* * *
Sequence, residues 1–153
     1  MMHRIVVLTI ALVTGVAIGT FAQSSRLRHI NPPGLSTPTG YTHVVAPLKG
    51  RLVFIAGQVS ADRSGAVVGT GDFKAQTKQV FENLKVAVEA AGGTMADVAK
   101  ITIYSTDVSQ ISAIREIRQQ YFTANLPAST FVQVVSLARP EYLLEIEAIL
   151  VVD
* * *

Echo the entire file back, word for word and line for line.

Sequence, residues 1–153
     1  MMHRIVVLTI ALVTGVAIGT FAQSSRLRHI NPPGLSTPTG YTHVVAPLKG
    51  RLVFIAGQVS ADRSGAVVGT GDFKAQTKQV FENLKVAVEA AGGTMADVAK
   101  ITIYSTDVSQ ISAIREIRQQ YFTANLPAST FVQVVSLARP EYLLEIEAIL
   151  VVD